Let’s look at a few examples of video analysis found online and that you should not waste your time on. There is plenty of this nonsense – don’t get trapped by it.
1. The degrees. What exactly do they mean?
The main question here is – what can you possibly do with these degrees? Now that you know those numbers… now what? What conclusions can be made? For what purpose?
So we have the 169° and 62°. What do these numbers mean? If there was a second take with slightly different numbers – 165° and 60° – what would THAT mean? How can these numbers be used in deciding what needs to be addressed? If a coach told you to change it back to 169° – could you perceive the difference?
However, looking at this footage, a technique specialist could easily identify the full extension of the knee which, contrary to popular belief, is detrimental to an effective start from blocks and often results in the dreadful toe drag on the track. No vague numbers, just a conceptual model that allows to draw conclusions and help provide the athlete with clear instructions on what needs to be adjusted in order to improve.
2. The angles and lines.
This is supposedly the measurement of the stride angle. You can see plenty of images with this measurement online. But what IS the stride angle? This study can claim that term if only because the authors actually bothered to study the subject and write a paper on it, but that study is a topic for another conversation. Can we use the same term for different things measured differently? I don’t think so, but let’s move past the name.
What are we measuring here and why? How high the knee is? What does that angle tell us? Some might argue the stride length calculation. But isn’t the stride length measured elsewhere? So how does this work with this angle in relation to where the foot lands? Do we factor in the angle of the knee bend and how does it affect the stride length? How do you instruct someone to increase or reduce the angle? How could a runner tell a difference when running? What IS the desired angle and why?
The only things that should be pointed out here are: the extended knee of the trailing leg and the high knee on right side and the extended knee on left side. Unfortunately these things are actually taught but are in fact the reasons for major loss of speed a la self-sabotage. I would also add that the guys in the image need to get better running shoes.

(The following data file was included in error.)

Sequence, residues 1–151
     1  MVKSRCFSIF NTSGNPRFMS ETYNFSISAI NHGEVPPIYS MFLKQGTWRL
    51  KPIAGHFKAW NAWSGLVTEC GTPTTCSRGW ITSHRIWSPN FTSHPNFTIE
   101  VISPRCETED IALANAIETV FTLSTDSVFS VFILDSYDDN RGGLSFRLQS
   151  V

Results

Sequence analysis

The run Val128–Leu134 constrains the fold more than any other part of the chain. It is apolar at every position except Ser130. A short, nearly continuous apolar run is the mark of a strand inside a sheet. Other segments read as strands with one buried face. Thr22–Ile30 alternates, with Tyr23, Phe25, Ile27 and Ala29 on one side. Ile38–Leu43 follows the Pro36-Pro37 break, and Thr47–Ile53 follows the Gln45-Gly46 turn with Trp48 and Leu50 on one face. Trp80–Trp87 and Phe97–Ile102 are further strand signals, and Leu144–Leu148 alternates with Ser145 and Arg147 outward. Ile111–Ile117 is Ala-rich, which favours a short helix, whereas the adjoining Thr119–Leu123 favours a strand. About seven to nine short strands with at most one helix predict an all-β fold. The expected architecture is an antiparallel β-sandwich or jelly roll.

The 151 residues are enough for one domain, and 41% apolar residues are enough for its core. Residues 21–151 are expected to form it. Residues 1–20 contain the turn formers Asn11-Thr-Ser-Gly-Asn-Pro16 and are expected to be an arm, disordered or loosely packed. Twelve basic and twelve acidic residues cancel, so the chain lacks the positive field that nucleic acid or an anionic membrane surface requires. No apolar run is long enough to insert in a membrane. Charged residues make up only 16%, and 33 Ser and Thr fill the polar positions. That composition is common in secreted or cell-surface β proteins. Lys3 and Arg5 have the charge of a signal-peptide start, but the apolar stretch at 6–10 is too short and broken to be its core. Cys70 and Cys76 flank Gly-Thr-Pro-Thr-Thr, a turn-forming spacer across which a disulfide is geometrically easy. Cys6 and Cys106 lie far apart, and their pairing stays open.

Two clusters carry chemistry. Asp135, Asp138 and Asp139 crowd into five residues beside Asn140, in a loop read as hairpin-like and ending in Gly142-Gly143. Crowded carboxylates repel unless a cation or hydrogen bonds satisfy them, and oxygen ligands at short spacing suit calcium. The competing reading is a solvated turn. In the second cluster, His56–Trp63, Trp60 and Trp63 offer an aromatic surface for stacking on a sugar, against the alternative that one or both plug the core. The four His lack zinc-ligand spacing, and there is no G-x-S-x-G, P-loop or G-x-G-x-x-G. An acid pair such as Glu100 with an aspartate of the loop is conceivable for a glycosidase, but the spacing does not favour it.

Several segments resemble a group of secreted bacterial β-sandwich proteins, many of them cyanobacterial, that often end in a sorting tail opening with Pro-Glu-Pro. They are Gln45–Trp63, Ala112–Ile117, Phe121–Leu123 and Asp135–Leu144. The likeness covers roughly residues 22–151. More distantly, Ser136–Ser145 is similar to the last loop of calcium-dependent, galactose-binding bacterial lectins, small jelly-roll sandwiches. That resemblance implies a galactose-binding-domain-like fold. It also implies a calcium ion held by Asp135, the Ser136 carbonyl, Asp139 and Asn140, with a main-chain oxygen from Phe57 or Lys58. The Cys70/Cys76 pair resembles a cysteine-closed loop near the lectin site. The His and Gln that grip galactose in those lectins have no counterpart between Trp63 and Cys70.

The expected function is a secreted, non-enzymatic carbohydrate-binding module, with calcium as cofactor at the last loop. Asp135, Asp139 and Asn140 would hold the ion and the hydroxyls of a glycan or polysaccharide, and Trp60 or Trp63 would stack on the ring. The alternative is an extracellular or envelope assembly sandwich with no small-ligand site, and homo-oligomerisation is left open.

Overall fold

3. Video vs reality.
Here’s the last one. I can just hear the coach going: “well your arm is at 66° and the heelstrike is 8° pass the vertical – that’s just dreadful, fix it, bring it to 90° and 0° respectively”. While 90° can be more or less doable, and is super easy to measure in the video, how can you be sure when you’re running that it’s not at 85°? When the vertical line is drawn – what is it drawn in relation to? What are we measuring? Additionally, while arms play an important role in running, the overzealous analysis of arms’ angles that can be often seen in video analysis is quite frankly puzzling.
As you’re running, there is no way for you to adjust the degree of the angle to the point of minute detail often being graphed, and most importantly – there is no need in this. If you’re having difficulties with your arms’ position when running, if you’re hunched over, if your basic body posture is not right – chances are you simply need to revisit the very basics of movement. Your attention to your basic balance and strength conditioning (totally ignored in running) will eliminate half of the lines commonly drawn during video analysis. Crooked ankles on landing don’t need to be measured, they need to be corrected by exercises.
A heelstrike is a heelstrike and the measured angle of dorsiflexion won’t provide any additional intel. Every single degree and angle from your toes to your ears will change with every step. As you run, every angle and position of every moving part of your body will constantly be adjusted by your perception. Pin your perception down, work on it, improve it. That is all you have. That and a concept of what running is. These two things put together will allow you to do a productive video analysis and then you will be able to follow that up with a productive training session where you address things with exercises and drills.
Most of us schedule regular check ups with doctors. As a runner, you should get in the habit of scheduling a regular check up with your running coach and do a monthly or bi-monthly (or whatever regular timeframe you can allow yourself) video analysis. THAT would be cheaper than rehab, less frustrating than time off, and very effective as an injury prevention plan. Most importantly – you will experience consistent progress and joy of running.
The two most popular apps for video analysis are:
- Coach’s Eye – Instant Video Replay and Performance Analysis
- Hudl Technique: Slow Motion Video Analysis
But remember, it’s not the app, it is the person using the app that makes a difference. Learn how to do video analysis correctly. Look below for the running courses coming up.
Learning how to do proper video analysis is part of the Pose Method® Running Course. This seminar offers 16 CE hours towards continuing education for Certified CrossFit Trainers and Physical Therapists. Athletes are encouraged to attend.
Understanding and learning of sports techniques is part of the Pose Method® Sports Techniques Specialist Certification. This seminar offers 24 CE hours towards continuing education for Physical Therapists. Click here for scheduled seminars.